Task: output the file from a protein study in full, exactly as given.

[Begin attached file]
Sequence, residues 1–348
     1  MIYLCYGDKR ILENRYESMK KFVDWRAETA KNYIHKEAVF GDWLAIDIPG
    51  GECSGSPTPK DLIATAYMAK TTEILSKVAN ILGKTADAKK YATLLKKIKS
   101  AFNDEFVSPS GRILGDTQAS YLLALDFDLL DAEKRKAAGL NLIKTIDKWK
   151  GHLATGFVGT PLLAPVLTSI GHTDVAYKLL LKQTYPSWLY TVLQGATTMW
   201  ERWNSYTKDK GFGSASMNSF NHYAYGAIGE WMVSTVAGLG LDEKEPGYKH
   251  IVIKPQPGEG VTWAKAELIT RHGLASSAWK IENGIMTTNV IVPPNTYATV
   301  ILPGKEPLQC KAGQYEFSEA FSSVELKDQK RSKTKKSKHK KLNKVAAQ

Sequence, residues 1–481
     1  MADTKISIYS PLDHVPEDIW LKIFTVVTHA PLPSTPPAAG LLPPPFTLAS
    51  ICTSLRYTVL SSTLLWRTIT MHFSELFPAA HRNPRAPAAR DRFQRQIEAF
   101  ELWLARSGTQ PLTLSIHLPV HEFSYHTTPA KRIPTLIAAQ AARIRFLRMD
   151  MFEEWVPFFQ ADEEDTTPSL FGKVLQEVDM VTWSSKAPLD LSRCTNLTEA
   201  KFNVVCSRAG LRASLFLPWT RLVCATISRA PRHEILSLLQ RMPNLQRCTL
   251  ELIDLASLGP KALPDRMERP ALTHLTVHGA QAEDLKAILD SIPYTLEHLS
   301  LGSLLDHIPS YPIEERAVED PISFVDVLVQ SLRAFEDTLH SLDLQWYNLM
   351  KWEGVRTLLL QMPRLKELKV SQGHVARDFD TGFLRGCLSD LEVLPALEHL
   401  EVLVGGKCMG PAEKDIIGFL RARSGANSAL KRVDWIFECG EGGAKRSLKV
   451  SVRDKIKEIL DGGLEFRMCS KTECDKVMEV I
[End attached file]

Sequence, residues 1–348
     1  MIYLCYGDKR ILENRYESMK KFVDWRAETA KNYIHKEAVF GDWLAIDIPG
    51  GECSGSPTPK DLIATAYMAK TTEILSKVAN ILGKTADAKK YATLLKKIKS
   101  AFNDEFVSPS GRILGDTQAS YLLALDFDLL DAEKRKAAGL NLIKTIDKWK
   151  GHLATGFVGT PLLAPVLTSI GHTDVAYKLL LKQTYPSWLY TVLQGATTMW
   201  ERWNSYTKDK GFGSASMNSF NHYAYGAIGE WMVSTVAGLG LDEKEPGYKH
   251  IVIKPQPGEG VTWAKAELIT RHGLASSAWK IENGIMTTNV IVPPNTYATV
   301  ILPGKEPLQC KAGQYEFSEA FSSVELKDQK RSKTKKSKHK KLNKVAAQ

Sequence, residues 1–481
     1  MADTKISIYS PLDHVPEDIW LKIFTVVTHA PLPSTPPAAG LLPPPFTLAS
    51  ICTSLRYTVL SSTLLWRTIT MHFSELFPAA HRNPRAPAAR DRFQRQIEAF
   101  ELWLARSGTQ PLTLSIHLPV HEFSYHTTPA KRIPTLIAAQ AARIRFLRMD
   151  MFEEWVPFFQ ADEEDTTPSL FGKVLQEVDM VTWSSKAPLD LSRCTNLTEA
   201  KFNVVCSRAG LRASLFLPWT RLVCATISRA PRHEILSLLQ RMPNLQRCTL
   251  ELIDLASLGP KALPDRMERP ALTHLTVHGA QAEDLKAILD SIPYTLEHLS
   301  LGSLLDHIPS YPIEERAVED PISFVDVLVQ SLRAFEDTLH SLDLQWYNLM
   351  KWEGVRTLLL QMPRLKELKV SQGHVARDFD TGFLRGCLSD LEVLPALEHL
   401  EVLVGGKCMG PAEKDIIGFL RARSGANSAL KRVDWIFECG EGGAKRSLKV
   451  SVRDKIKEIL DGGLEFRMCS KTECDKVMEV I